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An Economy 10 tariff is a type of tariff that enables you to pay two different rates for your electricity – a cheaper one for the energy you use during periods of low network demand, and a more expensive one for the electricity you consume during peak hours.
It is an example of a Time of Use tariff, which defines any deal where customers are charged different rates for electricity at specified times of the day. The other Time of Use tariffs include protected multi-rate tariffs and the more popular Economy 7 tariff.
As the Economy 10 tariff is not as widely available as those for standard and Economy 7 meters, it can be difficult to compare and switch to a cheaper deal, mainly due to the reduced number of tariffs available. The following is a short guide to comparing, switching and managing an Economy 10 tariff.
The Economy 10 tariff is designed to help households save money on their electricity bills through designating off-peak hours in which they pay a lower price for their electricity. While the Economy 7 provides seven consecutive hours of off-peak electricity during the night, the Economy 10 tariff provides ten hours of off-peak electricity split between afternoon, evening and night.
The different time periods are designed to match the periods in which households typically require heat, with suppliers typically using one of the following sets of times to supply cheaper electricity:
It’s common for the time periods to be locked to either GMT or BST when the Economy 10 meter is installed. However, some meters use a radio teleswitch – controlled by the supplier – so they can take into account Daylight Saving Time, while some meters automatically adjust themselves when the clocks change and others need to be manually adjusted.
You’ll need an Economy 10 meter if you want to be on an Economy 10 tariff. An Economy 10 meter is able to measure the amount of electricity you consume during each of your designated off-peak times.
Economy 10 meters are slightly more complex than standard single-rate ones, as they produce either two or three separate readings depending on your electricity provider. For the former, your meter will usually display two rates – a normal rate and a lower off-peak rate. If your meter involves three readings, these are usually split into day/normal usage, night/low usage and day/off-peak usage.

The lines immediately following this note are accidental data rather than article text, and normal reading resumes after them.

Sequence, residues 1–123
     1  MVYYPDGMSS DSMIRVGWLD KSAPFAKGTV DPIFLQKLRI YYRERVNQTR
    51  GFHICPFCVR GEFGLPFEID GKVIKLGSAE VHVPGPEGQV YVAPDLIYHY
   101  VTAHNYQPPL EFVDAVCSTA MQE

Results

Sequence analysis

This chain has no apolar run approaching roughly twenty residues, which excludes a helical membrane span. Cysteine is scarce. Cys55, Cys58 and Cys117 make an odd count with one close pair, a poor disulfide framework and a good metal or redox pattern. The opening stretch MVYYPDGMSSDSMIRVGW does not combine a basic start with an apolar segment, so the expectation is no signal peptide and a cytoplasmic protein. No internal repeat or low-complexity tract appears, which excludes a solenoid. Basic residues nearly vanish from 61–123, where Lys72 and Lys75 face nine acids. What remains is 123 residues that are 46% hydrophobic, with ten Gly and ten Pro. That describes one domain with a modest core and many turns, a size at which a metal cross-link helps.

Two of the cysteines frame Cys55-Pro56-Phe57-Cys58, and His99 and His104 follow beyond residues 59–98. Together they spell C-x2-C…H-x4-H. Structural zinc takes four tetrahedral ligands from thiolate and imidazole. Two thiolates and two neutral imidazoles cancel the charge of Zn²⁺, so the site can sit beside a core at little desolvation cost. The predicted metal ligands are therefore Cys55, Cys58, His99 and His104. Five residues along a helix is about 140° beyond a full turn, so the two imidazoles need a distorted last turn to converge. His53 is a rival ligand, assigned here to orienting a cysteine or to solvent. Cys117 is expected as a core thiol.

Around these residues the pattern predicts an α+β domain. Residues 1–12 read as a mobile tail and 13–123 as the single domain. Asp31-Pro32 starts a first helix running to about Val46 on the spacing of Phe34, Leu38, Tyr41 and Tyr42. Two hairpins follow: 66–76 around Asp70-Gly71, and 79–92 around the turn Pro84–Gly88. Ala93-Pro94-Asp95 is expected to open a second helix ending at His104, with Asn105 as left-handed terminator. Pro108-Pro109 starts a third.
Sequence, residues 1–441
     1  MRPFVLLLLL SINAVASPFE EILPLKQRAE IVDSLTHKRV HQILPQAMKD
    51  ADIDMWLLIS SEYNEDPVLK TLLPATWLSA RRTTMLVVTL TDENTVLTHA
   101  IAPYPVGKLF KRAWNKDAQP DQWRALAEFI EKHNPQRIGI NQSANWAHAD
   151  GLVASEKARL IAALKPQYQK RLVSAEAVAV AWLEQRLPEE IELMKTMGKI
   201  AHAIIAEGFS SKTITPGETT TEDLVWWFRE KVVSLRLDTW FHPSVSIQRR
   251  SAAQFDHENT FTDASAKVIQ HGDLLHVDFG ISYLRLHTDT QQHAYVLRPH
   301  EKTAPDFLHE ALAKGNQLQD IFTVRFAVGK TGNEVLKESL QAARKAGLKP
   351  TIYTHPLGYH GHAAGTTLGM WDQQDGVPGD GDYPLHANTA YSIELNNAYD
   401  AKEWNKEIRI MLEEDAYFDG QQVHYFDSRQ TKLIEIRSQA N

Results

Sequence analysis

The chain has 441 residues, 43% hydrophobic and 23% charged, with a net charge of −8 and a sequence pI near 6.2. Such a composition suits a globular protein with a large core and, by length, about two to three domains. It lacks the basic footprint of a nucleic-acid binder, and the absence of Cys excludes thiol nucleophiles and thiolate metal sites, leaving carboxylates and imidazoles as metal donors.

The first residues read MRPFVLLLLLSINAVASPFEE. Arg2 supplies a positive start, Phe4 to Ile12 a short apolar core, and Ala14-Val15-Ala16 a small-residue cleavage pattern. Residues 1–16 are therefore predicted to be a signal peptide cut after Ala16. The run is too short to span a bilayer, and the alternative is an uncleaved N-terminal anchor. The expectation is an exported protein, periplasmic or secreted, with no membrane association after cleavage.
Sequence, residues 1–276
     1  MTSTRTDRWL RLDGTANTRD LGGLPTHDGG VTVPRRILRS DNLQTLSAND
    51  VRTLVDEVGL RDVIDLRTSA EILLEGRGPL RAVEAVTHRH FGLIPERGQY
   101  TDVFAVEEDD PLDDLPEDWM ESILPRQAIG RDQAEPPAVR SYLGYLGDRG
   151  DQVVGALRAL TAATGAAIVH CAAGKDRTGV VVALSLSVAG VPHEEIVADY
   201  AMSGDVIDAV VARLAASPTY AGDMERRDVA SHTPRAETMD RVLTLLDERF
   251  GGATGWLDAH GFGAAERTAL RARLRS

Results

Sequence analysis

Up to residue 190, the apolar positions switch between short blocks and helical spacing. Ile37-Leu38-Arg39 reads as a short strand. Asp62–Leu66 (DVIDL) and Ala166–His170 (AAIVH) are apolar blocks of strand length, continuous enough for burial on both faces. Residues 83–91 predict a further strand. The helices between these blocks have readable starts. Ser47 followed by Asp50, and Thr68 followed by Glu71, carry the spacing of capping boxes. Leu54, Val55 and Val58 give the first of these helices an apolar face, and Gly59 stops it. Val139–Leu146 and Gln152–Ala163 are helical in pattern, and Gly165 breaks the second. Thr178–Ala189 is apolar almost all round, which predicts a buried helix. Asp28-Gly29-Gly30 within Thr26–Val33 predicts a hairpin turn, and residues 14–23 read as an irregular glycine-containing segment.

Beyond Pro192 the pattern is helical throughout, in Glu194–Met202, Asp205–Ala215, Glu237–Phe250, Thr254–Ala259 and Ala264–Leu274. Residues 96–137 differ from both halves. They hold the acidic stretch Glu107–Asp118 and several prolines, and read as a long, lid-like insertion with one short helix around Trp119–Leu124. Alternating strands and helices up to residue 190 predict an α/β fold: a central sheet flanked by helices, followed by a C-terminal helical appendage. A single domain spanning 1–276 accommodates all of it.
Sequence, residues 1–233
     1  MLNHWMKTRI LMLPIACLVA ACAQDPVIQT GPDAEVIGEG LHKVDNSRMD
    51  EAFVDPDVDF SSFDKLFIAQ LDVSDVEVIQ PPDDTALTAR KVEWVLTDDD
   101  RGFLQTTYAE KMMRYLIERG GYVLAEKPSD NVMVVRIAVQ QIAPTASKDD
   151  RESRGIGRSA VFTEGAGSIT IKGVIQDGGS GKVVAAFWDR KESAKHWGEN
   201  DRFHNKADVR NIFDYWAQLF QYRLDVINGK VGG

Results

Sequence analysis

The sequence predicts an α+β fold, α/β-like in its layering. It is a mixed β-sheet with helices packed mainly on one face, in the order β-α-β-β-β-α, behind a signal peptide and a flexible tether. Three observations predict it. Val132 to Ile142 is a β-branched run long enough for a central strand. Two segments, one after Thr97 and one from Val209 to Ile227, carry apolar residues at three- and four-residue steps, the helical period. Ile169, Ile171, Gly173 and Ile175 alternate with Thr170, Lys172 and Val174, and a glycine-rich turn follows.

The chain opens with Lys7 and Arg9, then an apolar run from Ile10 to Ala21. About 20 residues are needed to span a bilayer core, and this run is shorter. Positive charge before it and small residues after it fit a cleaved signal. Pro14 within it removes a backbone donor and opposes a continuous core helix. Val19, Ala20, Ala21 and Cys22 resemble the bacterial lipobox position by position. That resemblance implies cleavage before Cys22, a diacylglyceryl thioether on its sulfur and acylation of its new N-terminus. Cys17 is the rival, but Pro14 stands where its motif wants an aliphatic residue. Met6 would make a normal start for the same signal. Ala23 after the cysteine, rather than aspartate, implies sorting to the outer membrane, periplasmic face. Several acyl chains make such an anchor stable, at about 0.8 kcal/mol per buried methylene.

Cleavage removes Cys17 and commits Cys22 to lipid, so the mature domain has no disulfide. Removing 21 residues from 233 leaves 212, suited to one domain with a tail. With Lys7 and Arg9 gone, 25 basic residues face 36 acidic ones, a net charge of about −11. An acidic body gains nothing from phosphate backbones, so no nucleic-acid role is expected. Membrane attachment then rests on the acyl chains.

Your meter should either have a button that allows you to scroll through the different readings or a digital display that will automatically cycle through them. You’ll need to submit all the readings to your supplier who can then determine the collective costs when creating your bill.
If you’d like an Economy 10 meter for your home, you may need to pay to have it installed.
Economy 10 is classed as a ‘comfort tariff’ and may be more expensive than an Economy 7 or regular tariff if your household circumstances are not suitable. As peak electricity can cost twice as much as off-peak electricity, the majority of your electricity usage should fall within the designated off-peak periods for an Economy 10 tariff to be suitable. Households will gain the most benefit from Economy 10 tariffs if:
When factoring in costs, you’ll also need to consider that the standing charges for Economy 10 tariffs are often higher than that for other tariffs.
At present, it is not possible to use price comparison sites to switch between Economy 10 tariffs, mainly because the meter is slightly more complicated. If you’re thinking of switching suppliers, you’ll need to contact them directly to discuss a switch. Not all energy suppliers offer Economy 10 tariffs – or accept new customers for Economy 10 – so this is the first thing you’ll need to find out.
Once you’ve contacted a few – or all – of the suppliers offering Economy 10, you can then compare the prices they’ve given you and arrange to switch to your chosen supplier. Whether you’re switching to or from an Economy 10 tariff, suppliers often impose a charge to change the meter.
If you’d like to switch between suppliers, you may need your meter reprogrammed by an engineer as the off-peak times can vary between suppliers.
With the introduction of new smart meter tariffs, you may find that suppliers begin to phase out Economy 10 tariffs as they begin to better understand their customers’ energy consumption habits.
If you’re looking to switch away from Economy 10 entirely, you’ll probably need to pay for the installation of a standard meter. The first thing you’ll need to do is to compare the entire energy market and switch to the most appropriate deal for your household. Once this is done, your new supplier should arrange for a new meter to be installed.
An alternative option could be to convert to a standard Economy 7 tariff while keeping the Economy 10 meter – this broadens the pool of suppliers and tariffs from which you can choose to make comparisons. This means you’ll still have peak and off-peak readings, but you’ll only get seven hours of the cheaper rate.
As with regular fixed tariffs, you may be charged a cancellation fee if you choose to cancel the tariff before its expiration date.